Within this journey, there have been five key reflections, five reasons that I can look back, and quite simply, thank God for my panic attacks. An active study of theology has informed and shaped these reflections, and experiencing the panic attacks in the midst of our spirituality module has brought rich opportunity to reflect on not only the physical challenge, but the weightier spiritual implications. It is by God’s grace I can reflect with thankfulness on my panic attacks and look at this time of pain through the lens of God’s presence rather than His absence. I write from a place of active learning, listening to the voice of the Lord, practicing the presence of God’s Spirit and expecting that growth to continue.
First, I thank God that I was not isolated in my fears and the struggles linked to it.
Not only is Christian history and tradition full of the stories of men and women who struggled with panic and depression, God’s Word is full of many of the same stories. At every corner I turned, in many social media posts, in every theology book I read, in various reflections and readings, this recurring theme of panic, fear and depression seemed boldly highlighted. In addition to well-known historic figures like C. H. Spurgeon, Abraham Lincoln and others who struggled with depression, I encountered the writings of legendary missionary C. T. Studd, who articulated his journey on the mission field in China in this way: “My heart seems worn out and bruised beyond repair, and in my deep loneliness I often wish to be gone.”4 This companionship of suffering encouraged me to face my questions with boldness, expectant that there was a way God would speak to me in the midst of this battle. In the words of modern author, John Mark Comer, “My take on depression is that it’s more of a symptom than a disease. That something in your life is causing the depression…what’s underneath the depression? The root under the ground?”5
Second, I thank God for using this journey to develop an active humility.
Finding the root and digging into the pain was not an easy process. It required (and still requires) an ongoing vulnerability, an unrelenting honesty about my own weakness, and a willingness to lay my pain and shame into the open, before God first and others second. Most of my adult life, I have been surrounded by friends and family who loved me, but journeying in humility through my pain and questions required a necessary solitude. It was in the spaces where my soul was still before God that I began to find healing for the deeper questions that triggered my panic. Solitude became a space for my soul to experience the deeper presence of God, and the words of Henri Nouwen became true in my own life. He writes:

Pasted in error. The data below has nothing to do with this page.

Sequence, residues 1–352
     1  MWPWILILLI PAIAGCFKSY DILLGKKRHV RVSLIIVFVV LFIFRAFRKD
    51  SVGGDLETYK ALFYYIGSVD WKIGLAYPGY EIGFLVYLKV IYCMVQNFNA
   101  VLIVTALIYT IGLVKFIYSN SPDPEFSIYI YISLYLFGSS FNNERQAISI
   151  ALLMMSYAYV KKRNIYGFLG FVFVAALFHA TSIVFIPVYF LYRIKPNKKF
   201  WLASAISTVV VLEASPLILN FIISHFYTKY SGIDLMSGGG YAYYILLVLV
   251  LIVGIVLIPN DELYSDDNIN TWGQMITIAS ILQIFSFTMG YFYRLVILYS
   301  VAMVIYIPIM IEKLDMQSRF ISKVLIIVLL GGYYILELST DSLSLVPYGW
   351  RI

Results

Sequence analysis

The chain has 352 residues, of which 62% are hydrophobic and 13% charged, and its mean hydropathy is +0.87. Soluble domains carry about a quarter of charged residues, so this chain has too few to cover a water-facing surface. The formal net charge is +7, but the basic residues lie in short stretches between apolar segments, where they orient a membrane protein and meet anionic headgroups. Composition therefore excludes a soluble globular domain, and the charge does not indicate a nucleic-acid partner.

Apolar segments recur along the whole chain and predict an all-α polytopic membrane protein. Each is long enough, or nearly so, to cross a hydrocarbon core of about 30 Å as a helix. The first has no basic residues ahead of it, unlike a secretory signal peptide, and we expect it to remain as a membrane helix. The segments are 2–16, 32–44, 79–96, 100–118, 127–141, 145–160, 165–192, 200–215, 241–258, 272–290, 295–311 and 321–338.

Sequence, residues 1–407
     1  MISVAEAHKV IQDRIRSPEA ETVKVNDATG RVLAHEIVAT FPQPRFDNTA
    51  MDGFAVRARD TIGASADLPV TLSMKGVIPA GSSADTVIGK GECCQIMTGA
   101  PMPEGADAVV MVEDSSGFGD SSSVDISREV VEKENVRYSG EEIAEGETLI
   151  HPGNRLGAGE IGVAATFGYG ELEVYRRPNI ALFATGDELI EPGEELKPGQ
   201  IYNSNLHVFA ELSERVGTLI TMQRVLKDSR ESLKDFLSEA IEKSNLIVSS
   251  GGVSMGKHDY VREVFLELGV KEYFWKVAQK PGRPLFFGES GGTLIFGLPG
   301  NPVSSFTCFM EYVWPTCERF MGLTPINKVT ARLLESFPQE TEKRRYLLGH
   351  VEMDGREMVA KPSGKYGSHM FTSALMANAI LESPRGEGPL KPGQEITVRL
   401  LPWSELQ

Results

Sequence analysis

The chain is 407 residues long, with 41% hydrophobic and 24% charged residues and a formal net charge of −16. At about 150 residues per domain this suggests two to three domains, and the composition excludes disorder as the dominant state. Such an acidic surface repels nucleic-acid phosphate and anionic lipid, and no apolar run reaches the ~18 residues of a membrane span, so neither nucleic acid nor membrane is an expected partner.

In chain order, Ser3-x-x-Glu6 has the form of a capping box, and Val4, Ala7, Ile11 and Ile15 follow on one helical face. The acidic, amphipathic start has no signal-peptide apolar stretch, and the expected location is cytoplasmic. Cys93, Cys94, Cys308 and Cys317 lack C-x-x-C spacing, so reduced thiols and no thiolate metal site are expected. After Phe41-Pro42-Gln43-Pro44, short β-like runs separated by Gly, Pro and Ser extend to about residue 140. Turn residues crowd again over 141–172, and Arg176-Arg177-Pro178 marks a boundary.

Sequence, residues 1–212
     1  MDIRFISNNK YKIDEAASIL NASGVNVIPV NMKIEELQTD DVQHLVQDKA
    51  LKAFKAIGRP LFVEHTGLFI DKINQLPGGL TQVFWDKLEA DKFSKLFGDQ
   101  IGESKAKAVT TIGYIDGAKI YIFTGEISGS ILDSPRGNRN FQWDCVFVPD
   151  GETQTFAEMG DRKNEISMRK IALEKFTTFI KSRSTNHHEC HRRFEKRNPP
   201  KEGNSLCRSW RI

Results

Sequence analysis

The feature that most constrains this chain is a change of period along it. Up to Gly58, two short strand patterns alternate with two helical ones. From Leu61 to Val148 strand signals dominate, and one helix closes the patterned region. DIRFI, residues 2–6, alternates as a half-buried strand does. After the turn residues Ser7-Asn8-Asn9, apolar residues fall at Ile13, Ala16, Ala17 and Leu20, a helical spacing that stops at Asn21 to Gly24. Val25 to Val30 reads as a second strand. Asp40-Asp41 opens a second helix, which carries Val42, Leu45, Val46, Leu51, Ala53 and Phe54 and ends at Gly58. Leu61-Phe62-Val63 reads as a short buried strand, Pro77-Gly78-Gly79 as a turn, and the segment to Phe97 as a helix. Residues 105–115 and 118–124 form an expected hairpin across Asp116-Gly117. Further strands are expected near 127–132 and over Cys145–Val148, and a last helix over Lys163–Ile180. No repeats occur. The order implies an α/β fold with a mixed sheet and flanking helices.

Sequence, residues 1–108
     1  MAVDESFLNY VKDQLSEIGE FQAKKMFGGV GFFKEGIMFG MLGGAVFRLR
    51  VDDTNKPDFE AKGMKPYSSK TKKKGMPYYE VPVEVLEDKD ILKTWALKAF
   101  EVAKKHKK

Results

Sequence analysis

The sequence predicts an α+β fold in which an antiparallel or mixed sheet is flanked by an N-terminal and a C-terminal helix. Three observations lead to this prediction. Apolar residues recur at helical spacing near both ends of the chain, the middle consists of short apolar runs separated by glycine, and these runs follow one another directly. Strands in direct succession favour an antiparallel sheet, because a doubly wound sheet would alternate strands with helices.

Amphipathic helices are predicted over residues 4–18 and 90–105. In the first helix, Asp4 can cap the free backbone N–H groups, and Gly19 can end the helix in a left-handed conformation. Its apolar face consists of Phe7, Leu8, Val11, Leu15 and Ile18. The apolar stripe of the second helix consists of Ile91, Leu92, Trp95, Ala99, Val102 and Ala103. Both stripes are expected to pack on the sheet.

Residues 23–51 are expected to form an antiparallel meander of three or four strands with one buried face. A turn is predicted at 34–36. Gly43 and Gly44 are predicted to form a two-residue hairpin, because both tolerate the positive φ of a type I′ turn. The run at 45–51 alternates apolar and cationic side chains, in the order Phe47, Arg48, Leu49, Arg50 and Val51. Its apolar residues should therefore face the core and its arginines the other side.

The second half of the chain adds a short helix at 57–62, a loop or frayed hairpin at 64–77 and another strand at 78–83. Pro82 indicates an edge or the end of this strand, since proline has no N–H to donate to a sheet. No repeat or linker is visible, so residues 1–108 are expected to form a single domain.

“Solitude is the garden for our hearts, which yearn for love. It is the place where our aloneness can bear fruit. It is the home for our restless bodies and anxious minds … Solitude is not immediately satisfying, because in solitude we meet our demons, our addictions, our feelings of lust and anger, and our immense need for recognition and approval. But if we do not run away, we will meet there also the One who says, ‘Do not be afraid. I am with you, and I will guide you through the valley of darkness.'”6
I find that in many ways, the journey continues. This post shares an introduction, and my next post will give three further reflections on God’s grace and kindness in the midst of my experience with panic attacks. I’d love to hear from you. Comment on my article post shared on the CalvaryChapel.com Facebook account. Have you had similar experiences? And how has God revealed Himself in yours?
1 See Facebook post below on 10 October, 2017.
2 Laura Swan, The Forgotten Desert Mothers: Sayings, Lives and Stories of Early Christian Women (Mahway, NJ: Paulist Press, 2001) 27.
3 As quoted in class on Tuesday, 10 October at St. Mellitus SouthWest Plymouth campus.
4 Norman Grubb, C. T. Studd (Fort Washington, PA: CLC, 1982), 144.
5 John Mark Comer, Garden City: Work, Rest, and the Art of Being Human (Grand Rapids, MI: Zondervan, 2015), 18.
6 Henri Nouwen, Bread for the Journey (San Francisco, CA: Harper San Francisco, 1997), 26.